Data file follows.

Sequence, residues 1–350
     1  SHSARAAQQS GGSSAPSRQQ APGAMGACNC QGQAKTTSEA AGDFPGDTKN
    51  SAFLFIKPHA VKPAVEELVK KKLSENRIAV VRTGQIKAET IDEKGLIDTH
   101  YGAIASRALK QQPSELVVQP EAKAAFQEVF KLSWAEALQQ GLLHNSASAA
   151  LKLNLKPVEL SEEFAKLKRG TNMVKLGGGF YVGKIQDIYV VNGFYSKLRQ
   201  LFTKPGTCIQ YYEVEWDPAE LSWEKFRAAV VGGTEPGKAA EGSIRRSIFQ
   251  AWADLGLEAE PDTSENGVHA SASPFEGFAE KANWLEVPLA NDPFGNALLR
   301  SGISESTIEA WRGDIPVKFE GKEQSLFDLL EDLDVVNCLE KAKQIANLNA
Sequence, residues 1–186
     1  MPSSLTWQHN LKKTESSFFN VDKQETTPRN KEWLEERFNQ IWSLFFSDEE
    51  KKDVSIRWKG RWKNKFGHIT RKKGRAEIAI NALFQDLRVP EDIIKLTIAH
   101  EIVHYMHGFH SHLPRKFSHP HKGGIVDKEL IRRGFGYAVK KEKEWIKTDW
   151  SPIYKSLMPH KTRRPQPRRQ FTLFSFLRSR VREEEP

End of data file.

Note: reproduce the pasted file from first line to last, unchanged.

Sequence, residues 1–350
     1  SHSARAAQQS GGSSAPSRQQ APGAMGACNC QGQAKTTSEA AGDFPGDTKN
    51  SAFLFIKPHA VKPAVEELVK KKLSENRIAV VRTGQIKAET IDEKGLIDTH
   101  YGAIASRALK QQPSELVVQP EAKAAFQEVF KLSWAEALQQ GLLHNSASAA
   151  LKLNLKPVEL SEEFAKLKRG TNMVKLGGGF YVGKIQDIYV VNGFYSKLRQ
   201  LFTKPGTCIQ YYEVEWDPAE LSWEKFRAAV VGGTEPGKAA EGSIRRSIFQ
   251  AWADLGLEAE PDTSENGVHA SASPFEGFAE KANWLEVPLA NDPFGNALLR
   301  SGISESTIEA WRGDIPVKFE GKEQSLFDLL EDLDVVNCLE KAKQIANLNA
Sequence, residues 1–186
     1  MPSSLTWQHN LKKTESSFFN VDKQETTPRN KEWLEERFNQ IWSLFFSDEE
    51  KKDVSIRWKG RWKNKFGHIT RKKGRAEIAI NALFQDLRVP EDIIKLTIAH
   101  EIVHYMHGFH SHLPRKFSHP HKGGIVDKEL IRRGFGYAVK KEKEWIKTDW
   151  SPIYKSLMPH KTRRPQPRRQ FTLFSFLRSR VREEEP